Application of strategic fuzzy games to wage increase negotiation and decision problems

Oderanti, F. O., Li, F. & De Wilde, P. (2012). Application of strategic fuzzy games to wage increase negotiation and decision problems. Expert Systems with Applications, 39(12), pp. 11103-11114. doi: 10.1016/j.eswa.2012.03.060

[img]
Preview
Text - Accepted Version
Available under License : See the attached licence file.

Download (469kB) | Preview
[img]
Preview
Text (Creative Commons Attribution-NonCommercial-NoDerivatives 4.0 International Licence) - Other
Download (201kB) | Preview

Abstract

We propose a flexible decision support scheme which could be used in managing the wage negotiation between employers and employees. This scheme uses fuzzy inference systems and game theory concepts in arriving at decisions on future wage increase which could be more mutually agreeable. For example, rather than specifying 5% yearly increase of wages, we propose that the uncertain factors which are mostly difficult to predict and that could affect wage decisions need to be taken into consideration by the wage formula. These include business revenues or (profit), inflation rate, number of competitors, cost of production, and other uncertain factors that may affect business operations. The accuracy of the fuzzy rule base and the game strategies will help to mitigate the adverse effects that a business may suffer from these uncertain factors. Based on our scheme, we propose that employers and employees should calculate their future wage by using a fuzzy rule base and strategies that take into consideration these uncertain variables. The proposed approach is illustrated with a case study and the procedure and methodology may be easily implemented by business organizations in their wage bargaining and decision processes. © 2012 Elsevier Ltd. All rights reserved.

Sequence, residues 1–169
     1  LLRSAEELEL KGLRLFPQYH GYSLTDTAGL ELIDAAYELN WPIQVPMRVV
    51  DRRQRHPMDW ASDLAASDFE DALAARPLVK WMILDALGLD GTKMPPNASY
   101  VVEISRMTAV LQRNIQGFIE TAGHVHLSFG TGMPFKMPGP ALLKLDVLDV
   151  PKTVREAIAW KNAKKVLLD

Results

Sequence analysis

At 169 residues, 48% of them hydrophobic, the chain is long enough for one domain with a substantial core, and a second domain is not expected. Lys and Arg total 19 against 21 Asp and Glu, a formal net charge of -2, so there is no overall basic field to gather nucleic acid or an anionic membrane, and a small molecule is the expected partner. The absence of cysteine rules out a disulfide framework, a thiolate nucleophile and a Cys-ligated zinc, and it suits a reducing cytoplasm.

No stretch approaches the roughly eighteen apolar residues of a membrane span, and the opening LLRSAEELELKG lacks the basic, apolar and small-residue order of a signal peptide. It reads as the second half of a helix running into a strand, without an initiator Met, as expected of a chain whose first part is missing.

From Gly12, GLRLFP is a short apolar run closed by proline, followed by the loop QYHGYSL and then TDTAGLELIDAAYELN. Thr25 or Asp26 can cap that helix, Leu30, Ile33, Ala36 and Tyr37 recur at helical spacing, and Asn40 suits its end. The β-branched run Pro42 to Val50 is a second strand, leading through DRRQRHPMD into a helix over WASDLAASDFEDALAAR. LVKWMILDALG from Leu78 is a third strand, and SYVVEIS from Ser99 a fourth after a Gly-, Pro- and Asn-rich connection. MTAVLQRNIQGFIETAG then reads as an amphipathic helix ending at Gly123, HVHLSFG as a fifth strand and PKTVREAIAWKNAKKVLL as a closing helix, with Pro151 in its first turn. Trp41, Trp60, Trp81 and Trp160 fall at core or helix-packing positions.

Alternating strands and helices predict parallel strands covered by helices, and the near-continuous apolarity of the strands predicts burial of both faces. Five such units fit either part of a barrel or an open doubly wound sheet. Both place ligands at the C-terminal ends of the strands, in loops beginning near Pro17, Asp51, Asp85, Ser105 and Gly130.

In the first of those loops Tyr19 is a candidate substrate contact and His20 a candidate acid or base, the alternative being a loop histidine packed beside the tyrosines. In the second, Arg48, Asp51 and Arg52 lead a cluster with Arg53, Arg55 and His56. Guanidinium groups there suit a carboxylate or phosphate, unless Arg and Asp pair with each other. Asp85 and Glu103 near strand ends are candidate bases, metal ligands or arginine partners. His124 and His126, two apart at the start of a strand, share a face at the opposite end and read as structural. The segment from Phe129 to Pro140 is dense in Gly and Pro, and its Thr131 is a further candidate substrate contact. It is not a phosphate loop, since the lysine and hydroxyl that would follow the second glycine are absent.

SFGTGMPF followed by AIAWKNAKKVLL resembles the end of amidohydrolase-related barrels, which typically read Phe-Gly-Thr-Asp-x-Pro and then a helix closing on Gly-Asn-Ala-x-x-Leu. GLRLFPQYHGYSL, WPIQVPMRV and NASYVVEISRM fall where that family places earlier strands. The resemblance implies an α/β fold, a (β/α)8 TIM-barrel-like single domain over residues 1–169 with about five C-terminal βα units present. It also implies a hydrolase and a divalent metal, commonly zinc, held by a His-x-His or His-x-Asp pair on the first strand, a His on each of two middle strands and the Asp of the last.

Item Type: Article
Additional Information: © 2012 Elsevier. Licensed under the Creative Commons Attribution-NonCommercial-NoDerivatives 4.0 International http://creativecommons.org/licenses/by-nc-nd/4.0/
Subjects: H Social Sciences
Divisions: Cass Business School
URI: http://openaccess.city.ac.uk/id/eprint/14105

Actions (login required)

View Item View Item

Downloads

Downloads per month over past year

View more statistics